2. Use smalltalk for everything. OS is smalltalk. Client-/-server are in smalltalk. Scripting language is smalltalk. So people only need to know one language to do everything. (Alan Kay also chose to use smalltalk for his attempt to re-invent the web/internet). Of course this means people will have to download and run software to use it, which makes it harder to get people to try it, but oh well. If it’s good enough, I dont think that will hurt adoption too much.





3 . It must be peer-to-peer.

4 . And yeah, it means I’ll be adding yet another thing that people have to use, but the long term goal is for it to be able to replace ALL the other things. If people use it, but they still say ‘I have to run this other thing as well cos your thing can’t do X’, then I will consider the project either unfinished or (if it’s not planning to add that feature ever), a failure. So long term goal, all the stuff you do now will be possible with one ‘account’/Public Key, and in one language (with turtles all the way down (There are even Smalltalk Machines (Like Lisp Machines but for Smalltalk))).

I guess the next big step for this project is to demo something with very basic functionality, and maybe get more people to add stuff to it and experiment with use cases and the direction it should go in. I hope to do this within a matter of weeks.

In the meantime you can start learning smalltalk here:

(Worth doing even if my project never materialises (I suck/am a luser, etc), cos Smalltalk is one of the ‘classics’ that every programmer should know a bit about (The others being: Lisp, ML (learn Haskell or OCaml), C, J, and…?))

And what I want first is some kindof p2p cross between Gmail / mail lists / discourse / media wiki / doku wiki / etherpad / git / IRC / MOO / MMORPG.

(but I’m happy with 2Ds I don’t care about 3D)

With the ability for end user to control/script everything about how they see the text/info/data. e.g. I get to say which colour and font and where/how stuff is placed.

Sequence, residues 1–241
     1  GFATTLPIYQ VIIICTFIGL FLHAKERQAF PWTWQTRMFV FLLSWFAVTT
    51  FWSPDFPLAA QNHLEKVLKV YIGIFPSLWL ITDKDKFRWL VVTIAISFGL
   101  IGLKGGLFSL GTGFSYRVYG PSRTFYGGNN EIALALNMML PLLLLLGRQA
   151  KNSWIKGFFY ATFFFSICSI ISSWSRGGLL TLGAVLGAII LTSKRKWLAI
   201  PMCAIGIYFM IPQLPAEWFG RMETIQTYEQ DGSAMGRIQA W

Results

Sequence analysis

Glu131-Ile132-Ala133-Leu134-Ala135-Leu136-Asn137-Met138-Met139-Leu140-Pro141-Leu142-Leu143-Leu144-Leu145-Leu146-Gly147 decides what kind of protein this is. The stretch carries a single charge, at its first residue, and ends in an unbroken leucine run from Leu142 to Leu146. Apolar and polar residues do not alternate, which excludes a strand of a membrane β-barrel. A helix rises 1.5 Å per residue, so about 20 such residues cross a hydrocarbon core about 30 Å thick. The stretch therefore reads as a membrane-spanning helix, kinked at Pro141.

And everything is p2p (so i can share/host stuff while my machine is offline) and I get to control what and how everything is pushed to my node and how I’m alerted to changes etc.

With nice GUI stuff for change sets / diffs and organising / searching / displaying structure of everything.

And with reputations for users (all the QP stuff).

And strong encryption / security (but that’s not a priority)


Sounds like a very worthwhile long-term project.

The problem that I see with that is that it could go the way of Google Wave. It might be an awesome platform, but if not enough people join in, it will have failed its larger mission. Most people don’t want complicated tools that can do everything. They want absolutely simplicity. Ideally something like email, but even simpler.

What could really work is an AI system that dumbs everything down, so that even a stupid five year old caveman can easily interact with it.

I am having a similar issue with information. I agree on the approaches both of you have laid out. I have many sites send me and email and use that as my dashboard. We do need a better interface. I should not need to click and open a site to read the entire comment/article or reply. I use a Google Alert to bring me information about a few topics. It is either like a spider or doing the same search every day and giving me the new results. Considering the wide variety of sites and standards I propose a simple approach. Use an AI extension for the browser with some storage in the cloud. Then train it by just surfing as usual. Maybe some commands available on right click to emphasize important things or change settings. Over time it would learn which emails I open and which I skim or open every link. From the things I actually read or bookmark it can learn the kind of information I want. I think this could be fairly lightweight an easy to implement as that it is self taught. I nominate Googles’ Tensorflow for the AI and me to get it going. I am just now learning, so any help would be good.

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Cool, that sounds like an actually workable and useful solution! I think the idea is good enough for be shared more widely. Have you done that already?